When I imagine the survivors emerging after the nuclear apocalypse, I think of those ragged few stumbling over the rigid footprints of the buildings in our flattened cities…
In Duluth, concrete foundations of a once-great complex rests with random and irrelevant signage poking above the shoulder-high grass. The sturdy railroad beds subdividing sidewalks attempted to organize countless piles of cinderblocks indiscriminately strewn everywhere in between.
This is what I found while standing in the footprint of the former Duluth’s United States Steel Plant.
Most people are surprised when I tell them about the steel plant that used to dominate West Duluth, even those who’ve spent all their lives in the city. It might be the lack of blast furnaces breaking the even horizon south of the city or a disinterest in local history. Duluthains are often aware of the effect of iron mining to the west on the regional economy, but there was a time that the ore wasn’t simply shipped from the city under nameless New England smokestacks, but forged right here.
Founding the Forge
Not much more than a century ago, just in 1910 in fact, Minnesota Steel Company began constructing the first of two blast furnaces on the shore of the St. Louis River near where it empties into Lake Superior. The investors saw the formula for steel come together in Duluth: iron ore, coal and an increasingly industrial market of shipbuilders, heavy manufacturing and infrastructure improvements.
Instead of shipping the ore to furnaces in Ohio and Pennsylvania, it could just go over the hill in Proctor, Minnesota and to the new plant. Coal docks are still profitable today in the Twin Ports, and they used to be more so because of plants like American Carbolite, which used more coal than most American cities when it was running.
By 1915, the new plant was producing.
Duluth labor was theorized to be more productive than that of other climates because it was though the low temperatures were more stimulating for the mind and body. Whether it was this that helped the plant turn-out more than half a million tons of steel in 1930 or simply the high-concentration Messabi Range ore, I don’t dare guess, but the success of the plant soon caught national attention.
Success, Syndicated and Social
American Steel and Wire Company, a subsidiary of U.S. Steel, began leasing the plant’s two furnaces and built a nearby cement plant, Universal-Atlas Cement, to harvest the byproducts of the forging process. At its peak, the steel plant turned out more than 200,000 miles of barbed wire and 23,000 miles of woven fencing in a year—a period that probably overlapped the wartime employment of 6,000 in the 1940s.
This boom was most felt in the company town, Morgan Park, which was built by U.S. Steel for its workers. The village included a school, a community center and hospital, as well as modern amenities for the workers and their families. It still exists today as a somewhat isolated rural community—a psychological departure from the age-ripened Duluthian culture.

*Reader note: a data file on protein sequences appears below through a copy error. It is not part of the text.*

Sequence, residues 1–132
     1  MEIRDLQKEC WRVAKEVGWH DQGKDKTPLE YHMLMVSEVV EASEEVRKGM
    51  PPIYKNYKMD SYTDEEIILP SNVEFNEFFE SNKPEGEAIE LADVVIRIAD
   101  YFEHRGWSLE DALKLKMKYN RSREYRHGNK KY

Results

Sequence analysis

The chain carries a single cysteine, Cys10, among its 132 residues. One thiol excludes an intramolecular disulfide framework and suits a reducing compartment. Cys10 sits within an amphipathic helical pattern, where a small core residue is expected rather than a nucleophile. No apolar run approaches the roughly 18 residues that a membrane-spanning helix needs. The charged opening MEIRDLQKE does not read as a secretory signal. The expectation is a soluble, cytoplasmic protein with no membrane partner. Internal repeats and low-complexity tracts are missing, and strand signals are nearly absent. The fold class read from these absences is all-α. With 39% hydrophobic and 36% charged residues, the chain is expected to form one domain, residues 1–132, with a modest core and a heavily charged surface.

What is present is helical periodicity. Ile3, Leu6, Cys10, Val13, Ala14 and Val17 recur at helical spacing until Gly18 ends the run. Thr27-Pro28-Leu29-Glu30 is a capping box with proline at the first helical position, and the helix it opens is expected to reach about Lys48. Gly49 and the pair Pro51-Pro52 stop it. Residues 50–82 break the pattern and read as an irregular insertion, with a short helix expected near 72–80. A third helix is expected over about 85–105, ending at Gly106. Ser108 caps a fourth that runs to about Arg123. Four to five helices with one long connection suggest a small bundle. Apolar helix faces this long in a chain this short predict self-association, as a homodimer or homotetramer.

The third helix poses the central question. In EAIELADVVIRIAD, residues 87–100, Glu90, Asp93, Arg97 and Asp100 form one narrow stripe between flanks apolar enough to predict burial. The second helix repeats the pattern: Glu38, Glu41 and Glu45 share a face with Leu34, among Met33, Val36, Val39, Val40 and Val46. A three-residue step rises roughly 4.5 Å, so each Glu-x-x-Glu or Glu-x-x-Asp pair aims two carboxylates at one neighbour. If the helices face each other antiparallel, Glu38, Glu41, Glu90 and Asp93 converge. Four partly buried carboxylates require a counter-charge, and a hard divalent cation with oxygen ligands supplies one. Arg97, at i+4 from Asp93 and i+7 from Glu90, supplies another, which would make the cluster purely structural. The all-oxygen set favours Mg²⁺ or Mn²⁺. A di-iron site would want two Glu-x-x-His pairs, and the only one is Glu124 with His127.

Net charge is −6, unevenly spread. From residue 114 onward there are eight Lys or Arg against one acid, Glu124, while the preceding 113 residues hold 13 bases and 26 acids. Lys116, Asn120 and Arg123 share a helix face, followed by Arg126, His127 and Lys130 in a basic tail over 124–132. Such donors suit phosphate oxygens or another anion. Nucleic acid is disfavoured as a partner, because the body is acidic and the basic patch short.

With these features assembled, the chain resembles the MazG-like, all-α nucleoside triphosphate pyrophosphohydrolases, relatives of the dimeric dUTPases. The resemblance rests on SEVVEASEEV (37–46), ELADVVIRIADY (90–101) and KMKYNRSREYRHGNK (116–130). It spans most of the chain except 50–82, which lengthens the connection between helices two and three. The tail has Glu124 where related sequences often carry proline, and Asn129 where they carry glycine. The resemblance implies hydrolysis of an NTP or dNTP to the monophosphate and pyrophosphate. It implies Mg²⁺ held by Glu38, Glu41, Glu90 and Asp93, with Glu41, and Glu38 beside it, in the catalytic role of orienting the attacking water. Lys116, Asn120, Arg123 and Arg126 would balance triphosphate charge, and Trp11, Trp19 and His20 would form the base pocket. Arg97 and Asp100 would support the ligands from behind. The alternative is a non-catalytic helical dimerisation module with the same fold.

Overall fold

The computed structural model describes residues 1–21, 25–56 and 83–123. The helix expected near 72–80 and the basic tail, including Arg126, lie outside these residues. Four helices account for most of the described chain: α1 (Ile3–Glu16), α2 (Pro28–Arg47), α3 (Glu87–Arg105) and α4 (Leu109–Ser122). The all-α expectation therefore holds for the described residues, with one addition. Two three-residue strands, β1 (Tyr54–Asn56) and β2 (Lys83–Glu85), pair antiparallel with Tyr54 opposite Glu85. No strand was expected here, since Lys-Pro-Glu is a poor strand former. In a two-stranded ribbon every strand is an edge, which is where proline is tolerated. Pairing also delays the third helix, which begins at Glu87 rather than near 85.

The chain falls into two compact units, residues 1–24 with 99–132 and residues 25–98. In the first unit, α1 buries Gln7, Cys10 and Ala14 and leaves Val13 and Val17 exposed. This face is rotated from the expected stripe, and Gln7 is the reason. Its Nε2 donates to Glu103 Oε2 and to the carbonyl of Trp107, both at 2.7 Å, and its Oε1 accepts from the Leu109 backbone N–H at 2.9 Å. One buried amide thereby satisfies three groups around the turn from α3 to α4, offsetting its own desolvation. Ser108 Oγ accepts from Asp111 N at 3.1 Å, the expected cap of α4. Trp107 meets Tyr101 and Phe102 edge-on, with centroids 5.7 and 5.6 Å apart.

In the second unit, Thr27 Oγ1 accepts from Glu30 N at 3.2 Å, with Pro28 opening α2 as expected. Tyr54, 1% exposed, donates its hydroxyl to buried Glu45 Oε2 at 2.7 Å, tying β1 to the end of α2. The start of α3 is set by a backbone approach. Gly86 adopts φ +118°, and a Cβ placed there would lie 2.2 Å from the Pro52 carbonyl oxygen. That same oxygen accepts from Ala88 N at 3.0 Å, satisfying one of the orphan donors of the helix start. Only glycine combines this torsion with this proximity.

or AND Nothing
By the 1970s the steel-making process was so well refined that U.S. Steel turned out 1,000,000 tons of finished product from just one blast furnace. One might consider this a high-point in the plant history; doubling the capacity of the factory using half of the resources. One might consider it so, except that the following year production ceased altogether.
A Gallery of Bricks
The high-grade ore from the nearby Minnesotan iron ranges was drying up and was being replaced by taconite from strip mines, which required different chemical treatment than raw ore to be made into steel. Other factors contributed too: cheap imported steel, bituminous coal (required by the plant’s coking works) was getting more expensive and the production savings by having a steel mill near the source of ore was usurped by the potential savings of having a mill where the demand was centered.
Construction was booming in the West, not the Midwest, so in 1971 the last billet was trucked to the finishing mills a little to far from the action.
Coke Plant’s Upwind
Stockpiles for the finishing mills ran out in 1973, shutting it down, and in 1979 the last section of the steel works, the coking facility, went dark. A decade later, in 1988, much of the plant was razed—which in a sense is still ongoing, as waves of EPA dozers carve deeper into the polluted earth.
I stumbled between the piles of cinderblocks and torn electrical panels through what used to be a front door, judging by how the concrete block met a sidewalk, leading my eyes onward to another vague outline.
Stopping for a moment there in the causeway, where the trees had not yet taken over, in my minds eye I found myself looking at a solid wood door with cracked blue paint and rusting handle—the little window with crisscrossing safety wire overlooked a smoggy, polluted scene.
“The coking plant must be upwind,” I thought, as I stared at a screeching train full of wet, dirty ore. A real train whistle ended my fantasy between a line of shapeless concrete piles and trees; bare boughs intermixed with rusted reinforcing bars.
Part of me wanted to spend more time there, taking in the texture of the light switches and studying how the distant coal gas flares warped in the steel-threaded glass, but I held back, feeling the suspicious gaze of nearby steelworkers.
“Good night,” I said as I stepped lightly over the threshold and out the door onto the long, cracked road: the little thread of steel wire that kept the broken, grimy window of my imagination together that night.